Have Attitudes About Breastfeeding Changed?

First of all, I’d like to thank all of you who left a comment on my last post. You wouldn’t believe how very encouraging they are. I can keep digging for photos when I know you’re reading. So, thank you from the bottom of my heart!

Most of you have probably heard about the big Facebook virtual nurse-in that happened over the weekend. Tens of thousands of nursing moms are upset that Facebook bans nursing photos, but they have no qualms about showing pornographic ads to their users.

Well, this disdain for nursing — public or otherwise — is certainly not new. Check out this image from July 12, 1950. If you have been following my work for awhile now you have seen this photo before. I thought the imagery is especially potent now given that moms are still expected to hide behind partitions, so to speak, when they breastfeed.

The caption on the photo says: Hilda Kassell, E. 53rd St., New York City. Mother nursing baby.

Library of Congress, Prints & Photographs Division: Gottscho-Schleisner Collection (Library of Congress), [reproduction number, LC-G613-T-57610 ] Photographer: Gottscho-Schleisner, Inc., photographer.

7 thoughts on “Have Attitudes About Breastfeeding Changed?”

  1. Wow. That picture speaks a thousand words. Is that her husband? and is that an open door behind the partition? There’s a window right there, too. But hey, as long as that man can’t see anything…

  2. This is amazing. IF that’s her husband, hasn’t he seen her breasts before?? What makes nursing breasts so different than her breasts at other times? Is he afraid that he will get turned on or something? I wonder also if this is a bit staged? The man is sitting really close to the TV and at an odd angle, it seems to me. And the open window and door behind the screen struck me as odd too. That’s crazy, I tell you, CRAZY!

  3. I’m not sure that’s a TV–it almost looks like a fan or a radio with a strange speaker. And yes, that man is sitting very stiffly. Maybe he’s the grandfather of the baby…? It’s an odd picture either way though.

  4. Yikes! What a horribly, hilariously accurate encapsulation of an era! Suppressed sexuality and double standards. . . The man is probably her husband but probably sitting stiffly since he knows he’s being photographed. (God forbid anyone SEE him sneaking a peek at–gasp!– his wife’s breast!) (And, yes, that really is a TV. My grandparents had one like it–though it looks like “Dad” is watching a test pattern)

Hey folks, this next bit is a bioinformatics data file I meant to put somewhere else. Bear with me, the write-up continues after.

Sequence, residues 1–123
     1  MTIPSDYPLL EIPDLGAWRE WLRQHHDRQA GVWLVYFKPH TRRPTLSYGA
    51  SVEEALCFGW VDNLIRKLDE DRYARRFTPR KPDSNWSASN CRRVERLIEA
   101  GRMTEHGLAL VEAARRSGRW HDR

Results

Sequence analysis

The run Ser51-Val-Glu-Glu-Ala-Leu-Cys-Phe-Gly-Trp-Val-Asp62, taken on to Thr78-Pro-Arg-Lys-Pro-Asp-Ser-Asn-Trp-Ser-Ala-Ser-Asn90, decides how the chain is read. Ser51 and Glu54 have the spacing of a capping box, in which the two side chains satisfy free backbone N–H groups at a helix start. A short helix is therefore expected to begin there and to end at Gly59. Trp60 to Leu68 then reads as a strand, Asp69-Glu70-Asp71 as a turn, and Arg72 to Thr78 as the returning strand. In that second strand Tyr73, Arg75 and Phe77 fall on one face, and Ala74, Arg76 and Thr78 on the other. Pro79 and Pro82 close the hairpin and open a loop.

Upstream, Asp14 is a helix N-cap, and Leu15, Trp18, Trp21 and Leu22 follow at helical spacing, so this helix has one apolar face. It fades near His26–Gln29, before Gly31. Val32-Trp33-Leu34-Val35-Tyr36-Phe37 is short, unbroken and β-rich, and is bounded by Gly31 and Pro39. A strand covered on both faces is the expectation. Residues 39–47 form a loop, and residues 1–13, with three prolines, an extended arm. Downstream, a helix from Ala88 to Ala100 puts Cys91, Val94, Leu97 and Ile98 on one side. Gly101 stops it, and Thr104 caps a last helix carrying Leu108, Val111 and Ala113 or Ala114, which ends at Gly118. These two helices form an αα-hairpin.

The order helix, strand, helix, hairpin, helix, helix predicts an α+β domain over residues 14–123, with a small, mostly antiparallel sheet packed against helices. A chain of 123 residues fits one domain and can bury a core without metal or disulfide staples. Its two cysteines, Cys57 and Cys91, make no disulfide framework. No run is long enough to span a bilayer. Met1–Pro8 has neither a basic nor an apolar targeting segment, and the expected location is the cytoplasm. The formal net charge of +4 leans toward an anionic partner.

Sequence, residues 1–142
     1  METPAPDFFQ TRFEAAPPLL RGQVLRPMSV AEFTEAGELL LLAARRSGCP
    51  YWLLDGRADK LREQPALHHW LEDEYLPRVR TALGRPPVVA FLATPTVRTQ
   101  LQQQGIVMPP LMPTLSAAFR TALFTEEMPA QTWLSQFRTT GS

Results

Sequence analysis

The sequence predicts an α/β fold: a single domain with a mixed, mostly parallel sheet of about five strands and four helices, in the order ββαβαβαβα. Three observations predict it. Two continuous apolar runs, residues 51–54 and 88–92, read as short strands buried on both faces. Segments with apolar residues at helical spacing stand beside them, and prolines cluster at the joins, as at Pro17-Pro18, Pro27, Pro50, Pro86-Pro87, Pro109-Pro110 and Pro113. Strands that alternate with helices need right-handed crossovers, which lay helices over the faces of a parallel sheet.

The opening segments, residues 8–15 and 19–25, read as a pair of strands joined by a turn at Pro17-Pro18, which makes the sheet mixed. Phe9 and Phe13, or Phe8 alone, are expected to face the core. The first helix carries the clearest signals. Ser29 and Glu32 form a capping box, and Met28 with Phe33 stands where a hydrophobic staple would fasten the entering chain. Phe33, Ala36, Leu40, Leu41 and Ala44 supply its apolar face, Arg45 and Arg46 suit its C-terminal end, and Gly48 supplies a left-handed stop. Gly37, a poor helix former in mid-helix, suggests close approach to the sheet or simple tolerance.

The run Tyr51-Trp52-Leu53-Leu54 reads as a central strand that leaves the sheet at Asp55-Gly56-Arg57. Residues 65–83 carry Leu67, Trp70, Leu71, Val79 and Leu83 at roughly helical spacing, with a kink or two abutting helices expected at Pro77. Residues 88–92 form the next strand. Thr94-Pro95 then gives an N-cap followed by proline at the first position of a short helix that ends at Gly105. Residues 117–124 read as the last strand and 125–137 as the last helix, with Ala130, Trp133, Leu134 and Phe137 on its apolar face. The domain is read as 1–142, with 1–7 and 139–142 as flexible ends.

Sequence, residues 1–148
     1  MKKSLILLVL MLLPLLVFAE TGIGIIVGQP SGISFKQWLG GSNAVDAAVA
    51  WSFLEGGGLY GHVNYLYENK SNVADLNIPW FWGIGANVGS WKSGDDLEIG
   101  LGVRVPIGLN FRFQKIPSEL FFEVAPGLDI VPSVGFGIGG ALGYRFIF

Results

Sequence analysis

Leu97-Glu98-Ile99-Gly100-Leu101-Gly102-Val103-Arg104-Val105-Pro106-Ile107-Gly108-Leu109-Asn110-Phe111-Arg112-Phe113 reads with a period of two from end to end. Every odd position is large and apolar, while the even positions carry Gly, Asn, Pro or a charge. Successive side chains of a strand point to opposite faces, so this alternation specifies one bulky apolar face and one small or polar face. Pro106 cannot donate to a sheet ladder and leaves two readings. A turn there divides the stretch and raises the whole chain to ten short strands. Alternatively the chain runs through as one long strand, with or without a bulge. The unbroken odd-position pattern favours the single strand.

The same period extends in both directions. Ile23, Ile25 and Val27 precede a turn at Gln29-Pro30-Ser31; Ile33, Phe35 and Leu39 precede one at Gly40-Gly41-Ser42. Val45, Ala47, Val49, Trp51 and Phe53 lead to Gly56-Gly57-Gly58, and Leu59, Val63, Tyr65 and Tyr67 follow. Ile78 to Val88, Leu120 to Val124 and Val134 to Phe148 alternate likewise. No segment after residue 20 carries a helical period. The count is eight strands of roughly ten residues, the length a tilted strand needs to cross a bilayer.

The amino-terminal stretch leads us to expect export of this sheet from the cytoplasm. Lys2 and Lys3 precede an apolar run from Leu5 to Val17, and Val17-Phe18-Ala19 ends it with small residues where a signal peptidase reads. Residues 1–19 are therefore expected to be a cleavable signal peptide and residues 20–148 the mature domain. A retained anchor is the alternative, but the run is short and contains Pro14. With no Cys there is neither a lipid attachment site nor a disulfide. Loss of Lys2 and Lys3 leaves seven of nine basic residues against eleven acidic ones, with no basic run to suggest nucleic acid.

Jennifer, thanks for finding such fascinating documentation of our society’s relationship with breastfeeding!

  5. I am not completely comfortable breastfeeding in public. I can do it covered up, or in my car where I think no one is looking. But this photo… this photo makes me want to walk right out into the middle of my street, pull up my shirt and feed my baby girl – right there for everyone to see!

    I have looked at a number of blogs about breastfeeding today, and this is one of a couple that I will be subscribing to. I enjoy these photos you have dug up, and they resonate with me a bit, knowing that my grandfather does genealogy. These seem like photos he would find while researching our family.

    Thanks so much!

  6. I love your site! Thanks for being an advocate for breastfeeding.

    I breastfed eight babies on demand, and I never left the room to do it. It was a very natural part of my life. From the moment my first baby was born, I wore two piece outfits. No more dresses. Often, people thought the baby was merely sleeping snuggled up next to me, when in fact, it was nursing. It IS possible to be very discreet without disrupting everything. I would never have breastfed if I had had to leave any room to do it. I kept my babies with me wherever I went.

    After five babies, my friend had twins, and the hospital gave her information on nursing clothing. She passed it on to me, and that was the best find ever. The company is still in business, and specializes in discreet clothing that allows even the most private person to breastfeed anywhere. The clothing is in style, and comes with a 100% guarantee of satisfaction. That’s where I found my baby sling, which was priceless. (Motherwear.com) They also put their 800 number on the tag of each item of clothing. They are extremely supportive, and the openings are in the right place, and the right size. It’s hard to find good nursing clothing, but these people have the engineering down.

    Thanks for the priceless pictures. I was surprised to learn that early in our history, it was no big deal for a woman to open her blouse and feed her baby. I would never do it that way.

    Thanks for the enlightenment.

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